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The Language of May

Snowdrops and bluebells

I want to speak the Language of May. To round May up, bundle it in a glass case and tell you what I see, what I smell, what I taste. But I fail and fail again. Intoxicated by its very presence, like some old sop who drinks and drinks until she falls off her chair muttering banalities and obscenities and never making sense. May carries on hurtling towards June and will be gone before I can capture it. I wander the lanes and crave more and more; I could swallow everything I see and still not be slaked. A drunken thug escorted from the auditorium whilst this mystery play in several acts reveals itself layer by layer. But in that revealing, fecundity, not nakedness appears.

I want to speak the language of May, of cowslips faithful to the hope of the day of champagne verges, frothy, inviting, alluring. May, promiscuous and promising, wanton, passionate, frolicking infidelity. May is a permissive path to a permitted life. I may, I may not. Precursor to full sun, open blossom, ripe buds, glorious hope, opulent indulgence. Try to paint fresh green grass or bluebell woods and nausea pervades. It refuses to be painted, filmed or even embroidered. It’s a live performance, theatre in the round. No replays, no capturing the moment. This is the moment. May is doing its thing, it is the main act, it will not be outdone by any other art form, written or otherwise. May owns the stage.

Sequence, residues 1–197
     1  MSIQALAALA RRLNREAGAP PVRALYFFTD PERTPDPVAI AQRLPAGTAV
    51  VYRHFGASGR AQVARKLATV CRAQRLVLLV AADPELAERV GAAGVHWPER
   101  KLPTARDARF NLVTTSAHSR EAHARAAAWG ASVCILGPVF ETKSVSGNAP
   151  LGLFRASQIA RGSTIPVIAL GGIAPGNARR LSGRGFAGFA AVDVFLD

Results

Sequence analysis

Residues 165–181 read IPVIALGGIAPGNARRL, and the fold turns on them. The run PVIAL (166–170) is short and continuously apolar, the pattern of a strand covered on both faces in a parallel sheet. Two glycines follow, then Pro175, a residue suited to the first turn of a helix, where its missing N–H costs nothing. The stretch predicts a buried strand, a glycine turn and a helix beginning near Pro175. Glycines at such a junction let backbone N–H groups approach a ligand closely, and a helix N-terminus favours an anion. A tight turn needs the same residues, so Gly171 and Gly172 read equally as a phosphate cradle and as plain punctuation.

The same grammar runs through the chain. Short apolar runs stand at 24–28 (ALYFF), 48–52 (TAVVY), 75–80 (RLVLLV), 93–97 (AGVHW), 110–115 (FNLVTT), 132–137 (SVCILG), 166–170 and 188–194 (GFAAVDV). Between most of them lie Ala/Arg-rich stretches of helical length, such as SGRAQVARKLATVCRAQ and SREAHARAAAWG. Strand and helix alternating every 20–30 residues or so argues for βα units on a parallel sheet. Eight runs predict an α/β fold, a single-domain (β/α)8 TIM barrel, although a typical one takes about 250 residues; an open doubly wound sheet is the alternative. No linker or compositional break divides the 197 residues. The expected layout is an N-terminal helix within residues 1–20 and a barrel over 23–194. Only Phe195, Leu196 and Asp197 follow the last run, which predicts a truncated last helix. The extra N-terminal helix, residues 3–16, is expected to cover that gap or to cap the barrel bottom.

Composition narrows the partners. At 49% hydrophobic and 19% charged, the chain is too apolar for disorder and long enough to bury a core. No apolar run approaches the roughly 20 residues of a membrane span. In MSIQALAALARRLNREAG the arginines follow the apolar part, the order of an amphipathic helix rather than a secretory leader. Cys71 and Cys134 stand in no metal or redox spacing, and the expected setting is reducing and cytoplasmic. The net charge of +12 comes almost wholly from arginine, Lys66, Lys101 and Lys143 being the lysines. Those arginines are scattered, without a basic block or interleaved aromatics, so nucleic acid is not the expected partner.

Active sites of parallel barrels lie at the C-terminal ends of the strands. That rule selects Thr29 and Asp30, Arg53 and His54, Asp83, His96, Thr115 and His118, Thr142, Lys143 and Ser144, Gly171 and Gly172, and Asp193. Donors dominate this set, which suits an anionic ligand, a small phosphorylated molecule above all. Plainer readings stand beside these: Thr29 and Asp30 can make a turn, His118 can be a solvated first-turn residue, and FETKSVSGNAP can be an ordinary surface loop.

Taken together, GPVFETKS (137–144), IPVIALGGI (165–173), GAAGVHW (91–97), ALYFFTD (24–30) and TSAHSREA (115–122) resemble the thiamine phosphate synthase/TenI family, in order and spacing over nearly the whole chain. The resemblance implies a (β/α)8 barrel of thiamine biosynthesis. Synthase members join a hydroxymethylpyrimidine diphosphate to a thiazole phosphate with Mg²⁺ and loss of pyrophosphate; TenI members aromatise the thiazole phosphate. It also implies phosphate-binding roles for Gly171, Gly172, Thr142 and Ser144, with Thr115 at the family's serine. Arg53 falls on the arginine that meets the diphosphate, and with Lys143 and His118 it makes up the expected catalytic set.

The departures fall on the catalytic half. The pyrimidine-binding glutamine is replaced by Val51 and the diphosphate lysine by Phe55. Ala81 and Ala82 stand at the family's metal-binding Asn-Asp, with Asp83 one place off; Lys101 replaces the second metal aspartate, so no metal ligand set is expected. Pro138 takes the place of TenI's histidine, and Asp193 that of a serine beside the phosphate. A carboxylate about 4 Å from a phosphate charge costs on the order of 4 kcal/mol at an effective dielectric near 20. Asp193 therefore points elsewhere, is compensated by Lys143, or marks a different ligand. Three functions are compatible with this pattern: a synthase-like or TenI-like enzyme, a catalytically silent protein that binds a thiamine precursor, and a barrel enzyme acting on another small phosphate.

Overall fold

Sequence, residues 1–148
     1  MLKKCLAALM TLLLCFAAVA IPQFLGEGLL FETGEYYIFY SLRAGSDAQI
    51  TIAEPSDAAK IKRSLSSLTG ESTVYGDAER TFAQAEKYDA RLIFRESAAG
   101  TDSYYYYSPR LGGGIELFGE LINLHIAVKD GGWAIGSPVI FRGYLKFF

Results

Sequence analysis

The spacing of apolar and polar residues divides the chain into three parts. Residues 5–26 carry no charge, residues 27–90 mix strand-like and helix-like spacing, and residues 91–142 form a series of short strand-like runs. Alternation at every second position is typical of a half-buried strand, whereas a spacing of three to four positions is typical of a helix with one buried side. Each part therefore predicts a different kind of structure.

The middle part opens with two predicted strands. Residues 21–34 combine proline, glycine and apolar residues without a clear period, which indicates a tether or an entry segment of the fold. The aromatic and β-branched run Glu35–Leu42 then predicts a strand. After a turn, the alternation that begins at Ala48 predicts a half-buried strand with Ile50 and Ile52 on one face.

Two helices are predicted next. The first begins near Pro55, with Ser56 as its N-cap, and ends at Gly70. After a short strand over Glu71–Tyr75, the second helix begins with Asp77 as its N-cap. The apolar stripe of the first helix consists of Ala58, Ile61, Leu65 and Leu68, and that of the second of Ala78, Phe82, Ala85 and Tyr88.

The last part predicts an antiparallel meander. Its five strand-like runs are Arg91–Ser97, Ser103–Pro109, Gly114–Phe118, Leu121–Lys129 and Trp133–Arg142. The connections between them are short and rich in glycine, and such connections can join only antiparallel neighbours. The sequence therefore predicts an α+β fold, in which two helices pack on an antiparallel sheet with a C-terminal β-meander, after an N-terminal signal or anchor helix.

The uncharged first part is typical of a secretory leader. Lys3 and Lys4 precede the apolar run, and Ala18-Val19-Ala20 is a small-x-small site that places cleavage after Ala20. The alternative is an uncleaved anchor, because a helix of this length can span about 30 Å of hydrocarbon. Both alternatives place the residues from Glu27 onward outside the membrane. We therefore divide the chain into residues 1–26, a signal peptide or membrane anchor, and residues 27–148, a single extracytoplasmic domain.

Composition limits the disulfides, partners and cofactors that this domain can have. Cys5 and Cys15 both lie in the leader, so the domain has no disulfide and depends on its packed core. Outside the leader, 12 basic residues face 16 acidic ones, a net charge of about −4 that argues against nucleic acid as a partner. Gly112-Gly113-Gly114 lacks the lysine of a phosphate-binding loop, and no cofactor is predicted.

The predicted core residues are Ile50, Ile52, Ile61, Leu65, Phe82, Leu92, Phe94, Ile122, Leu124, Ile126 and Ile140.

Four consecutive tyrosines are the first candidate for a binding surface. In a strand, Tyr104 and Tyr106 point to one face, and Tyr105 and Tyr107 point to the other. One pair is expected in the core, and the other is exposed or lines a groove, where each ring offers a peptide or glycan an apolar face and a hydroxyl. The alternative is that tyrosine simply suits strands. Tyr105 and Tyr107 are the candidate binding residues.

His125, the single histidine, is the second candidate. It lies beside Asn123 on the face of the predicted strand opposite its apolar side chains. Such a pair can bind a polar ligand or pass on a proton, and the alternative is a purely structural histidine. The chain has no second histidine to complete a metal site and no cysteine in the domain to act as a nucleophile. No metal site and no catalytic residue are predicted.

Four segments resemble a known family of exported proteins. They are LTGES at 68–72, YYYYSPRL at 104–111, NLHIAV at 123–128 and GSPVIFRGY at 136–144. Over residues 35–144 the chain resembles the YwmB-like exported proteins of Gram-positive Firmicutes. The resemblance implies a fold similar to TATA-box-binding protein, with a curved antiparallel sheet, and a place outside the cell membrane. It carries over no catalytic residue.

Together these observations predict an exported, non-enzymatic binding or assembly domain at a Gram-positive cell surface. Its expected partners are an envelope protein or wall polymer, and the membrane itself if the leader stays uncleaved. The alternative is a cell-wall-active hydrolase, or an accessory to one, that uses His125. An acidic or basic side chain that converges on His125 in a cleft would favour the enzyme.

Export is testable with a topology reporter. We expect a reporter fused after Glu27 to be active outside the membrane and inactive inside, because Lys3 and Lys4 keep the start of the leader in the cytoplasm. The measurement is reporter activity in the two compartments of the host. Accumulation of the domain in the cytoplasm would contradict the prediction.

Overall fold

I want to speak the language of May, but now I’m anxious, how many more Mays will there be. Will the cowslips ever be this yellow, the bluebells so blue? I camp out in the garden just to hear the dawn chorus in case, just in case. Surely, I could bottle just a few jars of May to see me through the winter drag?

Tagged under: Earth stories